As the discussion and debate about standardized testing continues in Colorado and nationwide, and more parents are exercising their rights of choice in education by refusing to allow their children's participation in a new un-proven assessment system, people in the pro-testing (sic!) camp are pushing back with spirited defense of tests like PARCC. This has created an interesting back-and-forth in the media. In Colorado, the Denver Post has been on a pro-PARCC run for a while now, and I responded last week with an argument that "PARCC Won't Solve Our Testing Challenges." As I've noted before, I am not opposed to standards or accountability or even the idea of "education reform." However, I have been suspicious of and critical toward PARCC for myriad reasons. From the lack of transparency about the creation of the tests to the supposed "piloting" of the test that produced no actual data or results to the awkward online format that is unlike any previous high stakes testing to the inherent inequity that test-based reform has wrought, schools need time to evaluate Common Core-linked testing and new programs such as PARCC. These are all legitimate concerns that require time to resolve.
But those concerns are simply irrelevant and dismissed by some.
In response to my PARCC criticism, Longmont area teacher Jessica Moore submitted a letter to the Denver Post which urged "Don't Throw Out PARCC Before It Has Been Instituted." Moore is in favor of, even in awe of, the new PARCC exam, and she sings its praises on her website. The thought that some could challenge the idea of the test or consider refusing to take it is shocking to her. In Moore's world, Colorado should proceed with the PARCC test simply because there is a PARCC test - and that's a point of view which certainly lacks the sort of critical thinking that standardized tests fail to measure. Truly, as Moore notes, "countless hours" and hundreds of millions of "dollars" have gone in to the development of the PARCC. Yet, surprisingly, there is still no data about its authenticity. That seems like an egregious lack of quality control that would have been unacceptable in the very business world that is so actively promoting the tests. The tests are nothing if not a major financial investment. Imagine if those millions of dollars and countless hours had been spent on direct intervention for our most challenged schools and populations. Additionally, in a rather obtuse bit of thinking, Moore responds to my criticism that promises about PARCC's quality are not "evidence-based" by responding that while there's no evidence PARCC is good, there's no evidence that it's bad either. I'm not sure why Moore believes that counter-argument should reassure parents, teachers, or kids. But arguing that there's no "proof" the tests are poorly written and ill-conceived is hardly a ringing endorsement.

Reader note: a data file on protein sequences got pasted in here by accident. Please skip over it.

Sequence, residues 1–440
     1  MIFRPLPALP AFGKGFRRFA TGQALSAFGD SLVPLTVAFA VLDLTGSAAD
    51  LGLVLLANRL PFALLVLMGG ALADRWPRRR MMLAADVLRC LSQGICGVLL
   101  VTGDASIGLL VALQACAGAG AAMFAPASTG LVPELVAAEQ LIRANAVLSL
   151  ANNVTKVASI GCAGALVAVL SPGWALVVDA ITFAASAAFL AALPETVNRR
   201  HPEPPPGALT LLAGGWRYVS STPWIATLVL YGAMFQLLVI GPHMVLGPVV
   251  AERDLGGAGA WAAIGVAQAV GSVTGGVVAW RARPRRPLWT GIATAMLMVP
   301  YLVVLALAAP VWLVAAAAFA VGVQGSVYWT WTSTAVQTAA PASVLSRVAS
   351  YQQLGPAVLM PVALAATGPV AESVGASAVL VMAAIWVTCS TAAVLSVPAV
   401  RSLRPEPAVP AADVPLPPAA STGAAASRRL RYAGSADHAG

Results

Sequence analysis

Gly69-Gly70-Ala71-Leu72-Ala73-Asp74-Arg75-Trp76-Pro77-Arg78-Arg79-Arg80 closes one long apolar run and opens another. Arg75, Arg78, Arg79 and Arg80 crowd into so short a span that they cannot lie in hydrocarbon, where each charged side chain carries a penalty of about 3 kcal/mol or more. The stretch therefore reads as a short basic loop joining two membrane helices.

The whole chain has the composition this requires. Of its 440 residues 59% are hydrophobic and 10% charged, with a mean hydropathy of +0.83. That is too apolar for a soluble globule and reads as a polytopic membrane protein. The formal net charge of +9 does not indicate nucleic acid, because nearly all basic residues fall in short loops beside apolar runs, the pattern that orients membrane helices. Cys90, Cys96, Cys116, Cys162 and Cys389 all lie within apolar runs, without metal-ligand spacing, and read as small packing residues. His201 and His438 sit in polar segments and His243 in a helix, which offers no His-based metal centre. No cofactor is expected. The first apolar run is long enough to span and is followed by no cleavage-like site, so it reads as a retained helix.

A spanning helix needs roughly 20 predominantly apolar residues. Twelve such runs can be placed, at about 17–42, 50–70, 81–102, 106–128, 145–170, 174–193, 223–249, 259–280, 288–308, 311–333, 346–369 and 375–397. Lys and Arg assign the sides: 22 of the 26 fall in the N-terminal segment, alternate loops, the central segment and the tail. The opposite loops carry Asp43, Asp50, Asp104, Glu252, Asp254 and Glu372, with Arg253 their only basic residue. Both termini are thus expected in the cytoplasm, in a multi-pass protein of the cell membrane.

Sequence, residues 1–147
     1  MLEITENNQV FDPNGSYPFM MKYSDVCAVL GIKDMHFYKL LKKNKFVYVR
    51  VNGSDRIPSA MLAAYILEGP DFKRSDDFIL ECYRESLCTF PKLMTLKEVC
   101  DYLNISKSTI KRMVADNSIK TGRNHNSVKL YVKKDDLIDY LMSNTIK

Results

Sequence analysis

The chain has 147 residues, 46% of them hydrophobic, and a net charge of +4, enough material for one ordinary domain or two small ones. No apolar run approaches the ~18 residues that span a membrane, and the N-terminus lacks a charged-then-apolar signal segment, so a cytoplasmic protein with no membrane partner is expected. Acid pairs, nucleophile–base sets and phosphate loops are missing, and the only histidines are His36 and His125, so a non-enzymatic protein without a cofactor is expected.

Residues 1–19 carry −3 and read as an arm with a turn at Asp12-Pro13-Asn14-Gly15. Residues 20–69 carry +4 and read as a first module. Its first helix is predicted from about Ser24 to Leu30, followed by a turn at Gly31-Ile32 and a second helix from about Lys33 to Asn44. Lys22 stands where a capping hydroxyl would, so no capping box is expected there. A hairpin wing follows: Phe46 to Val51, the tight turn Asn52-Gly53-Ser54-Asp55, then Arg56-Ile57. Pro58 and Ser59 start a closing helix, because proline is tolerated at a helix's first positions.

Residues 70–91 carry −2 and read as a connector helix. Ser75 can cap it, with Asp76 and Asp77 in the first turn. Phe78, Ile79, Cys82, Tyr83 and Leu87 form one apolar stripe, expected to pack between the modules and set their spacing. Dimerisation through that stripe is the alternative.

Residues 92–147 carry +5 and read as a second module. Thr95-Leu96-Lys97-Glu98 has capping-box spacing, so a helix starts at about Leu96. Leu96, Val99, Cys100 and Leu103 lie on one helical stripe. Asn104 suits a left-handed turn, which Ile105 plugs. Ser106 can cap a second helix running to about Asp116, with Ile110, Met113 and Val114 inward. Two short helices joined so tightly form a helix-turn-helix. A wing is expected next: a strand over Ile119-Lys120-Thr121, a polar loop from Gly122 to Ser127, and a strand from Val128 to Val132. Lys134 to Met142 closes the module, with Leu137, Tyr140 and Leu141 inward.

Moore concludes with some artful "begging the question" by simply declaring "it's a good test," as if Coloradans should simply believe it because she says so. Claiming to be an educator "involved in the development and review" of the test questions, Moore acknowledges that we will have to "tweak the test" to improve it. Sadly, as an educator she should have advocated for such "tweaking" during a legitimate piloting of the test. And, even then, such tweaking would not and could not address all the problems with test-based reform that will only exacerbate equity issues as struggling schools will be forced to increase myopic efforts to "teach to the test." And, people like Jessica Moore seem to naively and passively accept that if testing is to be done, it must be via the PARCC. As a parent of high performing children and a teacher at a high performing high school, I will continue to argue that the ACT test already meets our needs and legal requirements.
And, thus, I can find no reason to accept Moore's naive promotion of PARCC.